In the film “The Martian” starring Matt Damon, astronaut Mark Watney is left for dead on the surface of Mars, but he is very much alive. While salvaging through the things his colleagues left behind in order to assess his resources for survival, he comes to realize that his only source of music is Commander Lewis’ vast collection of disco.
“I’m definitely going to die up here,” Watney tells his video journal. “My God, Commander Lewis, couldn’t you have packed anything from this century?”
If you attend the newly touring “Summer: The Donna Summer Musical” – a bio-musical about the life, times and tunes of the late-1970s/early-1980s disco icon – and are not a huge fan of the music or the artist, you will certainly relate to Watney’s sense of cultural deprivation. But even disco enthusiasts will find that, like Mars, there is a lung-compressing absence of atmosphere and not nearly enough gravity in this one-act roughly-100 minute minor work by co-writers Colman Domingo, Robert Cary and Des McAnuff, who also directs.
The show seems built so as not to overburden an audience with information or overstay its welcome, as facts about Summer’s life are presented with the same depth as the lyrics to “Love to Love You Baby” and fly by at the speed of and with the same lack of emotion as “Faster and Faster to Nowhere.” And yet, three women – Dan’yelle Williamson, Alex Hairston and Olivia Elease Hardy – are called upon to play Summer at various stages in her life.
It’s a good thing, actually, for these women are abundantly talented. They are absolutely terrific singers, actors and dancers and their efforts to entertain the audience with 23 songs and nearly as many production numbers are nicely complemented by Paul Tazewell’s gorgeous Summer-esque costuming and Howell Binkley’s dazzling lighting design.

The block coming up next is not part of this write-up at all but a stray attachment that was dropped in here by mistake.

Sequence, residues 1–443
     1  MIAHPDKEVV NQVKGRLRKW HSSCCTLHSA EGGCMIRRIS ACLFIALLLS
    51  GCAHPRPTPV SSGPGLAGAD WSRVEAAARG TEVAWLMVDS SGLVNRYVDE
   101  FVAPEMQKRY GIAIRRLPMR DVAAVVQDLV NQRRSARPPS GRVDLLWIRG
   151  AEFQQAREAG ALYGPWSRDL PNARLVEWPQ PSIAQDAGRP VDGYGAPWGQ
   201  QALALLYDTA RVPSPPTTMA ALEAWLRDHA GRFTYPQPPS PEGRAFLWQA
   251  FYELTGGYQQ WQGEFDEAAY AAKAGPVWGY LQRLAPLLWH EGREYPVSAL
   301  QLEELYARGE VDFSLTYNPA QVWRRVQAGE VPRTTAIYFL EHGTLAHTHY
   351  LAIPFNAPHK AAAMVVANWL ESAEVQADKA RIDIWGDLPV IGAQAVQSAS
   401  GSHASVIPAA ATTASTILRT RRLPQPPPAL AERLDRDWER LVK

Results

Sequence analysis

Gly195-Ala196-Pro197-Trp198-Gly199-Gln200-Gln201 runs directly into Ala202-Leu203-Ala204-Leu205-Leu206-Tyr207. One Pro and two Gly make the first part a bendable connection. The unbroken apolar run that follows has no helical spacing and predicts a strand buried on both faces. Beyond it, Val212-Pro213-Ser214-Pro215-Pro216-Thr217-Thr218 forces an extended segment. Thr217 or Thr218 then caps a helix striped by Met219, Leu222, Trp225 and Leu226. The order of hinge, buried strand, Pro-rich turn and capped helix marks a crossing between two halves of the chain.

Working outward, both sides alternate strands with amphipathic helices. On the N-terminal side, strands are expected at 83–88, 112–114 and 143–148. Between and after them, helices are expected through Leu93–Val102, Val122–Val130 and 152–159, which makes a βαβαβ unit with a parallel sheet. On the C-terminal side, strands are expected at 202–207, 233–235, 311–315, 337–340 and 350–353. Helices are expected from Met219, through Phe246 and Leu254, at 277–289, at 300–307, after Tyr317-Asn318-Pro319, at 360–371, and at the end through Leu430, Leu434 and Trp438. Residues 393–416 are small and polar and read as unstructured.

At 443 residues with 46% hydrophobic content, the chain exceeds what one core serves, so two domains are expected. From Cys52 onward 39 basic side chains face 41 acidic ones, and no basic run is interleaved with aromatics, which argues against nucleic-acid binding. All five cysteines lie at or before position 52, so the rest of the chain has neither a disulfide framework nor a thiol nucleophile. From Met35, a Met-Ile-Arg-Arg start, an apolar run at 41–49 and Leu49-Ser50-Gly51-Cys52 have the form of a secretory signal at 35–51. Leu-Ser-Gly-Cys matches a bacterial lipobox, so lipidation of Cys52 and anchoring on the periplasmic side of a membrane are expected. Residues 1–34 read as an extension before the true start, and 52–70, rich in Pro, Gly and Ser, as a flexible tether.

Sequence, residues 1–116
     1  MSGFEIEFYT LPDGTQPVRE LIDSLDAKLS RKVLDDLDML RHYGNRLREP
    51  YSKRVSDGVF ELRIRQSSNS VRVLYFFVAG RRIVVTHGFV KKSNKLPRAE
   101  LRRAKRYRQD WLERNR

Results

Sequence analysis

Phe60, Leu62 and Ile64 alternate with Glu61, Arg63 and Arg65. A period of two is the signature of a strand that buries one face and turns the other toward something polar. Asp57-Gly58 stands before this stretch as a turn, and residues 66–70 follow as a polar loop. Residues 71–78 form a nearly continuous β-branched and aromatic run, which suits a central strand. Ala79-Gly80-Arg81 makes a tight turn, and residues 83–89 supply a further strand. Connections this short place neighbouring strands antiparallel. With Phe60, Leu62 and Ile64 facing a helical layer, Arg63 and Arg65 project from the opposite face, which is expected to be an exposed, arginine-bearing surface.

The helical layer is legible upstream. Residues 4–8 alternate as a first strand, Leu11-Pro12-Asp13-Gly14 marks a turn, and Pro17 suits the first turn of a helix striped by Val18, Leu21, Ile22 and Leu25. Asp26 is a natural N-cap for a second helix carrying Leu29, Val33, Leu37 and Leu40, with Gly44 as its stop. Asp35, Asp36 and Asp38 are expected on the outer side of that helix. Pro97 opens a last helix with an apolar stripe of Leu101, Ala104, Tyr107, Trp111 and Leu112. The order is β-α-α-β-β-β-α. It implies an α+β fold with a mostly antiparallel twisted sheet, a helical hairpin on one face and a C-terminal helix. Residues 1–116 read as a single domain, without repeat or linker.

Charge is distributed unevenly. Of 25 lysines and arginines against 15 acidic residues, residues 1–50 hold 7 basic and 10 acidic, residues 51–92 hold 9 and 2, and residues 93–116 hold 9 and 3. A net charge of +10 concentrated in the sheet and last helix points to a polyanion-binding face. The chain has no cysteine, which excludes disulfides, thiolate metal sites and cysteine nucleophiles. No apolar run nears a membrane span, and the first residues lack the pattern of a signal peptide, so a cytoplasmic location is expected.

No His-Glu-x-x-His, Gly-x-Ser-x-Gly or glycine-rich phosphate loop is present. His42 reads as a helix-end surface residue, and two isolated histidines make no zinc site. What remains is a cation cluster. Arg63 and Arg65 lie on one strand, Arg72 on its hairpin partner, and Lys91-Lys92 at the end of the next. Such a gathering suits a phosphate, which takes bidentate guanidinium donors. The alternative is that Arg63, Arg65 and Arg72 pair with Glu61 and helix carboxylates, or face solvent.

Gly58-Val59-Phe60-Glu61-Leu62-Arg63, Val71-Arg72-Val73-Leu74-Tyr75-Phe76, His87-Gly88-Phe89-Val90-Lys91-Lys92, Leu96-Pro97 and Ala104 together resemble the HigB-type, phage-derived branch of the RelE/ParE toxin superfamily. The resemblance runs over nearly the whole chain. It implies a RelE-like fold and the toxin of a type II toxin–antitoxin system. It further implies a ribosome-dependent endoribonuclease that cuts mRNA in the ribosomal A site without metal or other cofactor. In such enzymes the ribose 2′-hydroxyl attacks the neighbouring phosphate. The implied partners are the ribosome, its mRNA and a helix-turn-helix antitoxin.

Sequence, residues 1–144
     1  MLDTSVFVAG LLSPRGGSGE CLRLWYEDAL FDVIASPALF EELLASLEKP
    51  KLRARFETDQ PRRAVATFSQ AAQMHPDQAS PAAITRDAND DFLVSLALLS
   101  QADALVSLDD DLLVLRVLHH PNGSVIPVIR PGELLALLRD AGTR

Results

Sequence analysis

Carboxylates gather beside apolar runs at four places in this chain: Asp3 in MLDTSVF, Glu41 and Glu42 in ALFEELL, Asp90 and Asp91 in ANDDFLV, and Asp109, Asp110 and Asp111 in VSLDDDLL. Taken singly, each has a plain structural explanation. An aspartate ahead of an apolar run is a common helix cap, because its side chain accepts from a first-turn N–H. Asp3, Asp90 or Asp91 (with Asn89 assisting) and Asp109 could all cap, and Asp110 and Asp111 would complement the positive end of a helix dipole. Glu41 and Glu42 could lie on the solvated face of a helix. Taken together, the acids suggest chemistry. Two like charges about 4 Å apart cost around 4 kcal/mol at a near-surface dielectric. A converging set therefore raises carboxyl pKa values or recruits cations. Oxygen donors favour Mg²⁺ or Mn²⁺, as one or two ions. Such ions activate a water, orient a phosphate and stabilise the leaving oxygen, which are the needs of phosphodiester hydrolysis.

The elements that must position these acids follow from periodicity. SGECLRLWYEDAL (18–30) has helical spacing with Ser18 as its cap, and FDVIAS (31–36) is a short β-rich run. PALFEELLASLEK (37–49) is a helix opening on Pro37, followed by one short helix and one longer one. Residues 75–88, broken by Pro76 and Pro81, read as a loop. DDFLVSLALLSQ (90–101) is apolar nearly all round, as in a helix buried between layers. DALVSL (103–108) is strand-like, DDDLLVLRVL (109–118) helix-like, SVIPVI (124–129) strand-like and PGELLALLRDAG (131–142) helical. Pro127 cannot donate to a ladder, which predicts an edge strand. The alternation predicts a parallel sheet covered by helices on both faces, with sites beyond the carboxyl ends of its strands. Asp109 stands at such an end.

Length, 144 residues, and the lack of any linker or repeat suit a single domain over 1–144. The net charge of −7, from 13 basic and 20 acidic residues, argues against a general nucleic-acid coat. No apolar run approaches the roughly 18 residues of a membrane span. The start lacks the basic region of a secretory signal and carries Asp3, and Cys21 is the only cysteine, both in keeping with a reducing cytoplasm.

They and the ensemble that surrounds them are so talented that we are almost oblivious to the poor writing that turns everything spoken into a cliché requiring underscoring from a mere five-piece band, under Amanda Morton’s direction, to provide the sentiment.
We almost fail to notice the poster art that serves as Robert Brill’s scenic design on an otherwise barren stage and the redundancy in Sergio Trujillo’s high-intensity but low-impact choreography.
And we are almost too distracted to notice or take offense at the double and sometimes triple casting that finds Hardy, who plays the youngest Donna, also playing Donna’s daughter and Williamson, who plays the oldest Donna, also playing Donna’s mother. There might be something interesting, conceptually, happening here to justify this creative choice, but it is remarkably and successfully elusive.
So is the reason for women ensemble members playing men, including Kyli Rae as Italian record producer Giorgio Moroder, Brooke Lacy as record executive David Geffen, and Jennifer Byrne as attorney Don Engle. “This may seem disingenuous coming from a middle-aged white guy like me,” says talent agent Norman Brokaw, who is played by Tamrin Goldberg, who is none of these things. This appears to be commentary on the male-dominated power brokers who ran the music industry in the 1970s and 1980s, and attempts to capture the androgyny that surrounded the disco era, but the execution is as muddled as the message.
It is little wonder why this musical had such a limited shelf-life on Broadway.
In “The Martian,” Mark Watney counts the minutes until rescue or death. Ticket holders for the touring “Summer: The Donna Summer Musical” who don’t necessarily love the nightlife, don’t got to boogie on the disco 'round, oh yeah, will likely do the same.